Post Reply HaNaYaMaTa
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Posted 8/14/14
by ArticCafe

Emerging from the eclectic mix of Summer 2014 titles, HaNaYaMaTa provides a refreshing spin on the comedy scene. The story’s central theme revolves around Yosakoi dancing - an energetic and lively style that combines traditional Japanese dance movements with modern music. Coupled with the usual playful and slice of life moments, HaNaYaMaTa holds much promise.



14-year-old Naru Sekiya wishes for something out of the ordinary to happen to her, but with the school year starting out just as average as the other ones, there’s not much to expect. That all changes the night she meets Hana N. Fountainstand, the “fairy” dancing near the temple on her way home. Ironically, the next day Hana shows up in Naru’s class as the new transfer student. Haru notices Naru right away, and hilarity ensues as she literally chases her around the school, claiming that she’s there to “take her away.” From then on, Naru and her friends begin their Yosakoi journey, as well as experiencing the ups and downs of life.

The cute and silly antics that Naru and her friends get up to keeps HaNaYaMaTa fun and lighthearted. In particular, Hana’s foreign perspective is a great appealing gag throughout the series. Hana’s foreign presence doesn’t come from being associated with the common gags of getting dropped off in a car, living in a rich Western mansion, or possessing western items; in fact, it doesn’t have anything to do with Hana’s background - it comes from her knowledge and perspective of Japan and its culture. From freaking out at a “Japanese Samurai” to wondering the use of “Engrish” in Jpop, Hana’s curiosity and foreign manners provide many realistic situations that people have probably experienced for themselves.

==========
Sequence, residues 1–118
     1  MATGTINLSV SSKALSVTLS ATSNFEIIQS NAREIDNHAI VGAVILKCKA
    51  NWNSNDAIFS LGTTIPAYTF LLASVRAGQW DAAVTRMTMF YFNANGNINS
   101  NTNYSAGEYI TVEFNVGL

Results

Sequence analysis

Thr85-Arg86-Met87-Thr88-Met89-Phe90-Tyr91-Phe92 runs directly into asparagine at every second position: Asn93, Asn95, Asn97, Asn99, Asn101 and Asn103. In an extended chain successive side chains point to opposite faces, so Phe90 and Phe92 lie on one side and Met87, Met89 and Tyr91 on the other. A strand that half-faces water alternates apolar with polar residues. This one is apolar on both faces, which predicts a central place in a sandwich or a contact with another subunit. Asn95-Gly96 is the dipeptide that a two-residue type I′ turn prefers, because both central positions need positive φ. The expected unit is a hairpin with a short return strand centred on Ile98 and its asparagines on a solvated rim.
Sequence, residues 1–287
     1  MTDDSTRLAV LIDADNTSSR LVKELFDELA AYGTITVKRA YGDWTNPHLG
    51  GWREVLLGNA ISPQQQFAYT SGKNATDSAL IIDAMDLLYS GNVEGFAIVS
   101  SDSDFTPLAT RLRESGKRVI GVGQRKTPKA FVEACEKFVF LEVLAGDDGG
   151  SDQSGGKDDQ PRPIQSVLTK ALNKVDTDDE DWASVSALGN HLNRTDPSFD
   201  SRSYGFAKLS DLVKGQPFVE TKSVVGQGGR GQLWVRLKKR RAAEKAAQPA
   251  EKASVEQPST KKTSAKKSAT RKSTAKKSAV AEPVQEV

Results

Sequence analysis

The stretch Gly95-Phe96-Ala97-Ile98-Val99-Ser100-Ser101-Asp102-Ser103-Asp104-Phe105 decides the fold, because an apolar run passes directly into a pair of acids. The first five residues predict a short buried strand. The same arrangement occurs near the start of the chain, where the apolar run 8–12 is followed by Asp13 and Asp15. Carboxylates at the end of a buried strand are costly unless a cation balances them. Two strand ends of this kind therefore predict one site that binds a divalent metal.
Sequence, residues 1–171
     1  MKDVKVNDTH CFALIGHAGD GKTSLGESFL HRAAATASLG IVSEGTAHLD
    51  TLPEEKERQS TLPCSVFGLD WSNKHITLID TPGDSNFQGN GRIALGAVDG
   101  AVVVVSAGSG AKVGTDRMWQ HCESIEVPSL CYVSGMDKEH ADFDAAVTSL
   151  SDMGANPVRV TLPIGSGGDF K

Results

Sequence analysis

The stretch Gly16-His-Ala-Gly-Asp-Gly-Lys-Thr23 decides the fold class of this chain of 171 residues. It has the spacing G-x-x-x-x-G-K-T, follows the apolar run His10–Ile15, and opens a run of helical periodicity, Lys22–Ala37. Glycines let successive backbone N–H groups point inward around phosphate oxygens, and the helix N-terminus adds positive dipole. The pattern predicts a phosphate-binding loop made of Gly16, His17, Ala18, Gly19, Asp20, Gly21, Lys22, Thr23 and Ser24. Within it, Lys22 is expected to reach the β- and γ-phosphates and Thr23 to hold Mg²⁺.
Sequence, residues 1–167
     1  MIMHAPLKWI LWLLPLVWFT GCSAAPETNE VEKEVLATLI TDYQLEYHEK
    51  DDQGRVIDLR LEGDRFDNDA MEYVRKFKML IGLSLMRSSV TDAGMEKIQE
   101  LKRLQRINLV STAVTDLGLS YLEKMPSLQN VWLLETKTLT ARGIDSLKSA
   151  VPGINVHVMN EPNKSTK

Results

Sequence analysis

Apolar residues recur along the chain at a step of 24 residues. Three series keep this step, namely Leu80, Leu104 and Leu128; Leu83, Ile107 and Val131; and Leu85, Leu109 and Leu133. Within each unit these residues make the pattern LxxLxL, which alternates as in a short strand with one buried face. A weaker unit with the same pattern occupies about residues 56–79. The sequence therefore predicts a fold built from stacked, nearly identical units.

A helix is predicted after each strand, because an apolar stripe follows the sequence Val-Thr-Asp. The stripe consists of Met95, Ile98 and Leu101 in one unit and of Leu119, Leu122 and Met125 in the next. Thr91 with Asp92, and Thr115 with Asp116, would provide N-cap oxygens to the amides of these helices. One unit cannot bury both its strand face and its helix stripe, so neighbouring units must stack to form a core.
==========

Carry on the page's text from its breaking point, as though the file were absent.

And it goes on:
The pacing of HaNaYaMaTa is great so far.The first three girls are introduced within two episodes, and all have had a good amount of screen time to show their roles and personalities without feeling rushed or half-baked. This might be due to a small cast, but you can tell that time was taken to flesh them out - quality over quantity as they say. The girls play off of each other so well that I didn’t find myself drifting away to a new tab or waiting for the next interesting scene to pop up. The episodes don’t stray very far from the overall theme either, balancing between Naru and her friends on their days off and learning how to dance. This effectively lays down the story of Naru’s high school years and her experience with Yosakoi at the same time.

On a sidenote, the animation is visually pleasing to the eyes, and makes the world even more enjoyable to see Naru and her friends dancing in it. The dance movements are fluid and smooth, making it a sight to see - even the opening is surprisingly good, with Naru and her friends dancing enthusiastically throughout many of the scenes. Compared to similar “active” movements in previous anime back then, the improvement is a welcome change.

Overall, HaNaYaMaTa is a solid addition to the Summer 2014 shows. Presenting a fresh musical concept thats supported by an energetic and likeable cast makes it a worthwhile anime to pick up. And for only seeing the first few episodes, I can’t help but say I’m hooked.

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